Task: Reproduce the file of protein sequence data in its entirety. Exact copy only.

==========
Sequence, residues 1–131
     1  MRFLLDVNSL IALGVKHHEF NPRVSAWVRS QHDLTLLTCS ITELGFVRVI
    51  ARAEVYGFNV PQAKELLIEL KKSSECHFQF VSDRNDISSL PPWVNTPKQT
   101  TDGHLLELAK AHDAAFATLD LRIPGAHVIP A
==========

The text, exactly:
Sequence, residues 1–131
     1  MRFLLDVNSL IALGVKHHEF NPRVSAWVRS QHDLTLLTCS ITELGFVRVI
    51  ARAEVYGFNV PQAKELLIEL KKSSECHFQF VSDRNDISSL PPWVNTPKQT
   101  TDGHLLELAK AHDAAFATLD LRIPGAHVIP A